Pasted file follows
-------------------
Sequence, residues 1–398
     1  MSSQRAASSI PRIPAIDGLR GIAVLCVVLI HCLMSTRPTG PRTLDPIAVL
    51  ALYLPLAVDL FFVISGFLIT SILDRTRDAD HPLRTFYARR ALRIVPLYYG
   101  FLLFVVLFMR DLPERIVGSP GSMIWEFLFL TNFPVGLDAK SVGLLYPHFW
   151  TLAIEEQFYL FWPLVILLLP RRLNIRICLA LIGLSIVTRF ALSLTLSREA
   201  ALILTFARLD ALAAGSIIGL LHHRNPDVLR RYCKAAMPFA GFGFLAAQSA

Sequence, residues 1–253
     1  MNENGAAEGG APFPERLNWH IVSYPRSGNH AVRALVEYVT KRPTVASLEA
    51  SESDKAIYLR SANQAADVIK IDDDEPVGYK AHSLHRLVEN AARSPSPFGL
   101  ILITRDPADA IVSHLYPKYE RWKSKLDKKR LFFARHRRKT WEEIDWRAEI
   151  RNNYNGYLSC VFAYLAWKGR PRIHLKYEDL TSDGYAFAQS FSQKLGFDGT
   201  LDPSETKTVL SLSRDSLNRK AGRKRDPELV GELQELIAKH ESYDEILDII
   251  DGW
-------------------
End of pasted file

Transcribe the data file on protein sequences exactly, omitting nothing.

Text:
Sequence, residues 1–398
     1  MSSQRAASSI PRIPAIDGLR GIAVLCVVLI HCLMSTRPTG PRTLDPIAVL
    51  ALYLPLAVDL FFVISGFLIT SILDRTRDAD HPLRTFYARR ALRIVPLYYG
   101  FLLFVVLFMR DLPERIVGSP GSMIWEFLFL TNFPVGLDAK SVGLLYPHFW
   151  TLAIEEQFYL FWPLVILLLP RRLNIRICLA LIGLSIVTRF ALSLTLSREA
   201  ALILTFARLD ALAAGSIIGL LHHRNPDVLR RYCKAAMPFA GFGFLAAQSA

Sequence, residues 1–253
     1  MNENGAAEGG APFPERLNWH IVSYPRSGNH AVRALVEYVT KRPTVASLEA
    51  SESDKAIYLR SANQAADVIK IDDDEPVGYK AHSLHRLVEN AARSPSPFGL
   101  ILITRDPADA IVSHLYPKYE RWKSKLDKKR LFFARHRRKT WEEIDWRAEI
   151  RNNYNGYLSC VFAYLAWKGR PRIHLKYEDL TSDGYAFAQS FSQKLGFDGT
   201  LDPSETKTVL SLSRDSLNRK AGRKRDPELV GELQELIAKH ESYDEILDII
   251  DGW